Anyway, I look forward to seeing your beautiful script, Ann.

  6. Ann Sachs says:

    Handwriting analysis seems so clear! And Wendy, doesn’t “Graphic Facilitation” remind you of story-boarding for films?

    A colleague just sent me a link to a fascinating video of handwriting specialist Ruth Brayer: http://www.youtube.com/watch?v=rziToUKBmaQ

    And my Twitter pal Dean Meyers is a “Digital Strategist & Visual Problem-Solver” http://www.deanmeyers.net

    This whets my appetite to get everyone together in a festival of what is “Hidden in Plain View” in all of us!

  7. Ann, this is an excellent illustration of how we interpret what people important to us say and do – i.e., we tell “stories” that we then make into “facts” about our abilities. All these years you carried around a sense of limitation that you were able to free yourself from just by telling a story that is ‘true’ and reflects who you really are! Your writing is from the heart and inspiring (I can only imagine how the words would fly off the page if they were handwritten). Thanks for sharing!

  8. Dean Meyers says:

    Dear Ann,

    Thanks for the mention…and, perhaps not coincidentally, I have books on the Ziller method and the Franklyn method of penmanship. Being ambidextrous yet left-hand dominant, I struggled with penmanship until I discovered fountain pens, italic nibs, and calligraphy at age 12. But that’s another story entirely. Or, perhaps, to the point, it was about both taming and clarifying the visual expression of thoughts and ideas, realizing that aesthetics and order might often make for half the battle of getting a thought across, or making it more persuasive.

    I’m always delighted, however, to talk about my fountain pen collection as an extension of my fascination with how (and what) people communicate.

  9. As usual, I’m entranced with an Ann Sachs idea, which always prompts interesting conversation. I’m a product of loop-upon-loop instruction and always got A’s for my efforts as well. I don’t remember the name of the method, but I do remember being incredibly bored. On the contrary, writing – the kind where one snatches an idea out of the air and puts it on paper or a screen in a compelling way – well, that excites me when I see it done well (Ann!) or when I can pull it off.

    I’m glad that Julie posted the remark about handwriting something makes it stick better in one’s brain. Works for me.

  10. Ann Sachs says:

    Yes, this is such a fun conversation – thank you everyone, for participating. It’s fascinating to see the differences between Anne (above) being bored by handwriting, and Dean (above Anne) being liberated by the fountain pen.

    And as you say, Anne, the WRITING part: “snatching an idea out of the air” and expressing it in a compelling way is what makes me practically levitate!

    These stories are indeed powerful. Sharon, as a Dr. of psychiatry (psychology?) do you know what makes Wendy and Dean attracted to graphic facilitation, and Julie, Marnie and Nancy drawn to beautiful script? What is it in the brain that prefers one over the other?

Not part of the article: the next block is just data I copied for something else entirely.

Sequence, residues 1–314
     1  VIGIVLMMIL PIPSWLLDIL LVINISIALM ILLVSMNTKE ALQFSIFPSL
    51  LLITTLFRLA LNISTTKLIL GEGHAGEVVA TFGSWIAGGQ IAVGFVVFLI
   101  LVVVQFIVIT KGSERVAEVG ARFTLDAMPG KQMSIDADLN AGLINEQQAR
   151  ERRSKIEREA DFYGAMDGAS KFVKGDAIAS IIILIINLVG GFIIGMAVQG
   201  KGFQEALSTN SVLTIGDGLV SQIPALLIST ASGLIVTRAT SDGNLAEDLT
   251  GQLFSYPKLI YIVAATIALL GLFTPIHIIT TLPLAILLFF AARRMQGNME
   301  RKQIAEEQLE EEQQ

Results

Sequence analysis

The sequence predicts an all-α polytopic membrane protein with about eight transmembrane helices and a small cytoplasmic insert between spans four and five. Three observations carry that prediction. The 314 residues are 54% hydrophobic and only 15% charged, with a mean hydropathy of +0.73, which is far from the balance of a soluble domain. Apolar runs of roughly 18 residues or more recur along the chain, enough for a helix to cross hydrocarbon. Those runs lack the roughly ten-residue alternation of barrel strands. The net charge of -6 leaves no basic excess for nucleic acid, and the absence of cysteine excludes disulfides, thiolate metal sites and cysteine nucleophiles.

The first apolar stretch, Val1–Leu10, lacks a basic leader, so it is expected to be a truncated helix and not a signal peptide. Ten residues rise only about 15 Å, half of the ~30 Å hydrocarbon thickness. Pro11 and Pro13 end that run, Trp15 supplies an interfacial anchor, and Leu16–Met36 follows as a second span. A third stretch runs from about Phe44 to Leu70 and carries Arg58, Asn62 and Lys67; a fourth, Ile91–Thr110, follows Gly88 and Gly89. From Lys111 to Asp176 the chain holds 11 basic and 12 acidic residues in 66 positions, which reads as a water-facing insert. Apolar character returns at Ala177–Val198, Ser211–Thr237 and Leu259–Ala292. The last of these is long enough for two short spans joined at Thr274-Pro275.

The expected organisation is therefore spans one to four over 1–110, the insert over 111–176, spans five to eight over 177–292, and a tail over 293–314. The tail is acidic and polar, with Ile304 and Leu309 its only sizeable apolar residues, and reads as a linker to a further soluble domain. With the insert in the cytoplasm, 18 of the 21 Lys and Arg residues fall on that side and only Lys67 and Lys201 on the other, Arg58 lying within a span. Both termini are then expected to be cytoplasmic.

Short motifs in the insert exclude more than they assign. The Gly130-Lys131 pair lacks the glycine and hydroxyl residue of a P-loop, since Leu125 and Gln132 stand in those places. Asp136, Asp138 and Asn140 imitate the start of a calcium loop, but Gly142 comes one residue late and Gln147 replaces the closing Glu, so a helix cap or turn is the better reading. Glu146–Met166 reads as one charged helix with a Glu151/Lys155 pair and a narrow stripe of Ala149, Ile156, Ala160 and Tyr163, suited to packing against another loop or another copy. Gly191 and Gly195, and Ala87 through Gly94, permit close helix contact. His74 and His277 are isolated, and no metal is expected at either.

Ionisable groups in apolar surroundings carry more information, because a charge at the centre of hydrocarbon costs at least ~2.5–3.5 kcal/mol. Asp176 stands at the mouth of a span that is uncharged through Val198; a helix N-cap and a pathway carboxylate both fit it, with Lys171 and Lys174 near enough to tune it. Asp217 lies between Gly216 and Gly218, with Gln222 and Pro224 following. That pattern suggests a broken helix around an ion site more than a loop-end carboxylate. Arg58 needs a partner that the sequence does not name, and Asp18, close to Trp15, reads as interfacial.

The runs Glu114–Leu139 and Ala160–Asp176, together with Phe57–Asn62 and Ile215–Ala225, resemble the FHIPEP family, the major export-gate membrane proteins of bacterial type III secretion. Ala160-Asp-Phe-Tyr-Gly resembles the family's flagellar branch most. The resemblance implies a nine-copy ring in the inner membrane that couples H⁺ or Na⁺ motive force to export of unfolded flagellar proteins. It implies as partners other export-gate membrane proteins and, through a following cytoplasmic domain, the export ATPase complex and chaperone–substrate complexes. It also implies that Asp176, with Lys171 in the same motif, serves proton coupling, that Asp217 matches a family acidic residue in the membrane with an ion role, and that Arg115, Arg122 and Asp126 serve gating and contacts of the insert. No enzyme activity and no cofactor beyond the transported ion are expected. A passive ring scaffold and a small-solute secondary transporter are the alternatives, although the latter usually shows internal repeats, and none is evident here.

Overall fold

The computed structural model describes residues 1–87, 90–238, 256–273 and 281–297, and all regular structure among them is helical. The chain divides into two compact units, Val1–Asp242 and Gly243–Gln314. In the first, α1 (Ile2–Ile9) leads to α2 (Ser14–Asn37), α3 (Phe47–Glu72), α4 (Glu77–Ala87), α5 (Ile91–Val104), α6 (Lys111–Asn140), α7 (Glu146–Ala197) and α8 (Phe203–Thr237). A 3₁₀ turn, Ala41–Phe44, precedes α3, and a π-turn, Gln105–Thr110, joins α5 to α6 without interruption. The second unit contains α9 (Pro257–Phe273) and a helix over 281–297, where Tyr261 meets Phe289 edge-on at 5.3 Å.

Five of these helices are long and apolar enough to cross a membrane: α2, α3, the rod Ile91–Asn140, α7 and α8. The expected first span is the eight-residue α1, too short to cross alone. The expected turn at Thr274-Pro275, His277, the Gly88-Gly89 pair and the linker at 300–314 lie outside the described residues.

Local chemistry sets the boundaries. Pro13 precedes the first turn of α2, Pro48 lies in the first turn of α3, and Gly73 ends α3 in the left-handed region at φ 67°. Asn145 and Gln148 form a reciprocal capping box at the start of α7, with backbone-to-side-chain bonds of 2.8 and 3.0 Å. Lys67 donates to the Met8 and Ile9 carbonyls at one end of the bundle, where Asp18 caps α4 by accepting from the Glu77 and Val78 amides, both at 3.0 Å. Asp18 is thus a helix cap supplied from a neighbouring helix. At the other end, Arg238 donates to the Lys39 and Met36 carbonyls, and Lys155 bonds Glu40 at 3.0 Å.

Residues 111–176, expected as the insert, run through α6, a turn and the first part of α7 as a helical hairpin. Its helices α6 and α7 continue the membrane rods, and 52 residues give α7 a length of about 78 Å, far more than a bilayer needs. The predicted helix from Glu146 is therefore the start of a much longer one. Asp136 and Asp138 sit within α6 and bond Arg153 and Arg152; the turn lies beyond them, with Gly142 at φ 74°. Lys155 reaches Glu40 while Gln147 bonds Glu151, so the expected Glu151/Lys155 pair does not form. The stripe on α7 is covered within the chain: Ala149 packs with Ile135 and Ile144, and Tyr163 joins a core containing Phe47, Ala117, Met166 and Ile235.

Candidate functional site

11. Paulo says:

    It’s not your fault Ann. That word “write” is asked to do too much. That’s why a girl became confused. We could make it right by using wright. We have playwright. So why not essaywright, poemwright, novelwright and scriptwright?

  12. Ann Sachs says:

    The word “write” certainly does have to work hard, Paulo. And aren’t we lucky in the theatre world to own the word “playwright”!

  13. Roger Danforth says:

    I have always been proud of my handwriting. Both my parents had beautiful handwriting (I loved the dash and beauty of my dad’s signature.) My mother was a stickler for good handwriting, and was always on me to improve mine. And I am so glad she did. (I tried to do the same with my son, but it proved futile in this computer age.)

    My handwriting pales though in comparison to my partner’s mother — she is 86 and her handwriting is absolutely exquisite. She makes extra money addressing wedding invitations, etc. A year or two ago I was at an old inn that has been in continuous operation for 200+ years, and they had an old ledgerbook on the desk. The handwriting of EVERYONE was amazingly detailed, expressive and so beautiful! Oh man, it is an art we have truly lost.

    Do you know about the web program where you can write emails in your own handwriting? It’s amazing. You type, it writes! And in your own handwriting! You must check it out — you would love it. Go to http://www.pilothandwriting.com/en/

  14. Ann Sachs says:

    Roger, thank you for pointing this out. I tried it, and it was great fun! Then I started exploring other handwriting programs and it has actually started me wondering if I could hand-write my book! I mean in MY writing. (As if the process isn’t complicated enough already…)

    This idea will probably last as long as – oh – tomorrow morning. I usually come to my senses after “sleeping on it”.

  15. I always loved my own handwriting until someone analyzed it and said, “Girl, you need to take a deep breath!” Ever since, I adore my handwriting!